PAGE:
Too easy to cross illegally from Thailand to Malaysia, RCI told

08 May 2019 / 16:33 H.

PUTRAJAYA: Two journalists who were pursuing the Wang Kelian human trafficking case before it became public in late May 2015 recounted to the Royal Commission of Inquiry (RCI) probing the matter how easy it was for them to cross over the border from Thailand to Malaysia illegally.

Former Malay Mail reporter S. Arulldas, 64, said he, together with his photographer Mohd Sayuti Zainudin and two other Thai individuals who were acting as guides, had on May 13, 2015 climbed up a hill from the Thailand side of Padang Besar in their attempt to search for trafficking camps in Malaysia.

He said after close to two hours of hiking from the foothill, they finally reached the border separating the countries near Wang Kelian, which he said was only separated by barbed wires.

“There was no fencing, only border stones and barbed wires. The place is open, you can literally just walk across into Malaysia (from Thailand),” he told the RCI public inquiry, here, today.

He said it was then that he discovered several grave-like structures and an abandoned temporary camp in Wang Kelian.

Arulldas, who has been pursuing stories on migrants and trafficking in his years reporting, said he first found out the possible existence of the human trafficking camps and mass graves in Wang Kelian after he overheard a conversation at a coffee shop in March 2015.

However, he was advised by his editor then not to pursue the case until he had further evidences, as the matter concerned the security of both Malaysia and Thailand.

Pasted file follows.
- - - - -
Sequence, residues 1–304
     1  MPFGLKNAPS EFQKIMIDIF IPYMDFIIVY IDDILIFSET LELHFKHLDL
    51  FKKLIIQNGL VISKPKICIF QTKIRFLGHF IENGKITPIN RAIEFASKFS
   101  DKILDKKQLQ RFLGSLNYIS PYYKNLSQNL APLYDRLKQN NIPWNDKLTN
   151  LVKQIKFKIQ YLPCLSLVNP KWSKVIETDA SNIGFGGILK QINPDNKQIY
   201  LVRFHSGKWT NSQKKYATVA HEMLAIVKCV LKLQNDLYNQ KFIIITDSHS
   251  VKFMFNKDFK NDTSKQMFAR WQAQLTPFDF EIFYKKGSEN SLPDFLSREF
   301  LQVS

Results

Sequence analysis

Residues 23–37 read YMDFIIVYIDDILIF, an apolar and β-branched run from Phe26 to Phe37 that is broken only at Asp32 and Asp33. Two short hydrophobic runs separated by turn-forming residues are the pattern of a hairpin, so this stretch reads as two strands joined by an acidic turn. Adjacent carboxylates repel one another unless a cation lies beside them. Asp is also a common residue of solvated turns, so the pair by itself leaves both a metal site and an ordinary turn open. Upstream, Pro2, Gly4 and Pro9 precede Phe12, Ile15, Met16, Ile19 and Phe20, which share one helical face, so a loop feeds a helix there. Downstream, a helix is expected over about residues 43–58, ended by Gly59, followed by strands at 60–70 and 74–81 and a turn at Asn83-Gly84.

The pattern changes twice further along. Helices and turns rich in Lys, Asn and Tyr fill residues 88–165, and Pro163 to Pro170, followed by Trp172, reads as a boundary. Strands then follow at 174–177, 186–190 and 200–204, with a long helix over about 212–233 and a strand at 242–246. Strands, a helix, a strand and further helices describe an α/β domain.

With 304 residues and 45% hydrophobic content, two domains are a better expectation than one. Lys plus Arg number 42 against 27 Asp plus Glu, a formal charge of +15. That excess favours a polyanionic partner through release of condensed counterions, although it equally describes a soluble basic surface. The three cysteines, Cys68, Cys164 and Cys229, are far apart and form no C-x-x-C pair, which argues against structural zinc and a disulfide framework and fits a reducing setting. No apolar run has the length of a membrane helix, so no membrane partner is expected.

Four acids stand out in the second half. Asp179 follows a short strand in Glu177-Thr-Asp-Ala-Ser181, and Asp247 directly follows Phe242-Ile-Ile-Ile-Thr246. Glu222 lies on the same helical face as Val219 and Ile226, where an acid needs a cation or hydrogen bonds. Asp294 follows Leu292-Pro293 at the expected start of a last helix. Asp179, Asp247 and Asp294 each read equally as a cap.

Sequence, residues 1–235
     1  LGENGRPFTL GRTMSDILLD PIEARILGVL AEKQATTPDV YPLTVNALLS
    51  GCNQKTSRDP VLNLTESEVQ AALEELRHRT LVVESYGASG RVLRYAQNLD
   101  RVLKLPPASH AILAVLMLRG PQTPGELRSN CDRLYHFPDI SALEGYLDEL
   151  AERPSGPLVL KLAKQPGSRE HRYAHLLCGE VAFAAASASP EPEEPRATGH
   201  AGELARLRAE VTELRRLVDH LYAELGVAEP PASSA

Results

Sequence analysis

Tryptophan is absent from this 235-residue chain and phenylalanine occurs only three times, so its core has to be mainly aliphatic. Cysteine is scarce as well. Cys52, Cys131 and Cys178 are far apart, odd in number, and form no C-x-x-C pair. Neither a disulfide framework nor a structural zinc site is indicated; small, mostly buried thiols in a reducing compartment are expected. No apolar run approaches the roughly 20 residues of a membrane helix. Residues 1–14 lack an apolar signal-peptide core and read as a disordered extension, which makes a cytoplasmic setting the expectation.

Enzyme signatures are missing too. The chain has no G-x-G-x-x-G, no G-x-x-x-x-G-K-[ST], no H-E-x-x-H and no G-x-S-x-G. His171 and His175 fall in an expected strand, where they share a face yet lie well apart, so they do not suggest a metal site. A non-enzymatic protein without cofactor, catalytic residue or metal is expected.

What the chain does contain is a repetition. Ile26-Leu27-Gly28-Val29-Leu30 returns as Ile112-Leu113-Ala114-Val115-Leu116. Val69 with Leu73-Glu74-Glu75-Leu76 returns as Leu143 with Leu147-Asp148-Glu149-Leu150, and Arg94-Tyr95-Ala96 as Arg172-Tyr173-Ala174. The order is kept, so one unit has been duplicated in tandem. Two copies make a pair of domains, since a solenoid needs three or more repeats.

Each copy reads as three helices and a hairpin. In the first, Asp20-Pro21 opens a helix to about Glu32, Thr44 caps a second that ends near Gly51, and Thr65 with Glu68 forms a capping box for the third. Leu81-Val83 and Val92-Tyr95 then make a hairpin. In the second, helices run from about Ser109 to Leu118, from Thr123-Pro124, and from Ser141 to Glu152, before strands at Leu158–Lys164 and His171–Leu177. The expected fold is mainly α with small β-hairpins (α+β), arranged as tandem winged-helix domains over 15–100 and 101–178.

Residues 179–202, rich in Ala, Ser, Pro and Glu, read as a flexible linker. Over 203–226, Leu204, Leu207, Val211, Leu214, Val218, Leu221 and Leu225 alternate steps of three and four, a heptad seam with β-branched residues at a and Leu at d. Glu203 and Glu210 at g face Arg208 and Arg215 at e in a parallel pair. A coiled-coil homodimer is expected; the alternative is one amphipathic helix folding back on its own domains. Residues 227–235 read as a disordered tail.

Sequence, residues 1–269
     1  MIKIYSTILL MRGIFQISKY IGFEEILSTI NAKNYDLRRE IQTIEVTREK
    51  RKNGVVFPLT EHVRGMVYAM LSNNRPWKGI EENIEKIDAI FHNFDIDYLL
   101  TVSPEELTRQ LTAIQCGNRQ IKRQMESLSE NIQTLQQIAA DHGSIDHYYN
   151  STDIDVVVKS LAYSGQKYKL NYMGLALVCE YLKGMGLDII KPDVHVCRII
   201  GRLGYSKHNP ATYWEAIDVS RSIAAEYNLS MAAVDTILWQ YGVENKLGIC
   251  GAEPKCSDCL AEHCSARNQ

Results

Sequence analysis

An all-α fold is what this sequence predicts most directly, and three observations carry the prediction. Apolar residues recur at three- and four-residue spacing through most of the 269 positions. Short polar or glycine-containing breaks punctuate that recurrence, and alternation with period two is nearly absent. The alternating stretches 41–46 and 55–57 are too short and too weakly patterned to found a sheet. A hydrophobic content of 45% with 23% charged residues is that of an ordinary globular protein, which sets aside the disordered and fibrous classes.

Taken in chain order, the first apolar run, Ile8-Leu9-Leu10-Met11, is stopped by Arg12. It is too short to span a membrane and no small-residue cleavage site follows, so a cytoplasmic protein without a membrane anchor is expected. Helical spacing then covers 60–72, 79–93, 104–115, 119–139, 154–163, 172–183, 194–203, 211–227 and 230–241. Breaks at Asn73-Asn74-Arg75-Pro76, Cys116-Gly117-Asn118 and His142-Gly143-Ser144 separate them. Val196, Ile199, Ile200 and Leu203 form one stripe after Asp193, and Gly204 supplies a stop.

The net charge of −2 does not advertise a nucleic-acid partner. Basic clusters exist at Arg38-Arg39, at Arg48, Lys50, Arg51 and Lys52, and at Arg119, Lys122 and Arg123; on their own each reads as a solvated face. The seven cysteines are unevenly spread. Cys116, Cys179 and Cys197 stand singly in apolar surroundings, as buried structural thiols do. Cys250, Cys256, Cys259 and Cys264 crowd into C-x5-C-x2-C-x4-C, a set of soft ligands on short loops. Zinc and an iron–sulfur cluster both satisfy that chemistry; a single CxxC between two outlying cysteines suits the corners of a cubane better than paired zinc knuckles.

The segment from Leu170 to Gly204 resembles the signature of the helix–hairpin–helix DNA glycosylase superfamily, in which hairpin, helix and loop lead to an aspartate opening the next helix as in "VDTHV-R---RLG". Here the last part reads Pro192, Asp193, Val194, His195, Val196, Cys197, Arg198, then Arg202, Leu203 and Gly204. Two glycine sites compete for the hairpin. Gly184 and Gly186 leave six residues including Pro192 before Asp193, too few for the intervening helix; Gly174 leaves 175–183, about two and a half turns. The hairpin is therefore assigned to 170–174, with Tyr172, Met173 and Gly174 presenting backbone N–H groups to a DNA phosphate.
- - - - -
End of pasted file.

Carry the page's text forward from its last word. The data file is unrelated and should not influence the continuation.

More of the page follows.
He added that it was only later at the end of April 2015, when Thai authorities announced the discovery of human trafficking camps in their country, that he was given the nod by the editors to run his story.

Arulldas said he had also later made several visits to Wang Kelian in an attempt to look for more leads, when he met a Perlis forest park caretaker who told him that he recently saw a score of police vehicles and ambulances at the area, raising Arulldas’ suspicion.

“I then followed up on the situation. On May 9, I went to Hat Yai, Thailand where the Thai Deputy Inspector-General of Police held a press conference on the discovery of the trafficking camps in their country. It was also there that I met the two Thai individuals who helped guide me up the hill.

“On May 10, I followed the Thai army up the hill, but that was only in Thailand. And on the night of May 12 I received a call by one of the two Thai citizens asking me if I wanted to search for the camps at the Malaysian side of the border, After discussing with my office, I agreed,” he said.

The camps in Wang Kelian were first discovered by Malaysian police in January 2015. However, it was only later at the end of May that the authorities disclosed the matter to the public.

Later when taking the stand as witness, Sayuti echoed Arulldas’ statement that they could cross over the border to Malaysia with relative ease, despite the placing of barb wires along the border.

“It’s just that, and there’s nothing else. We can easily walk over the wires, as the height is lower than my waist. There’s no fence or walls,” he said.

email blast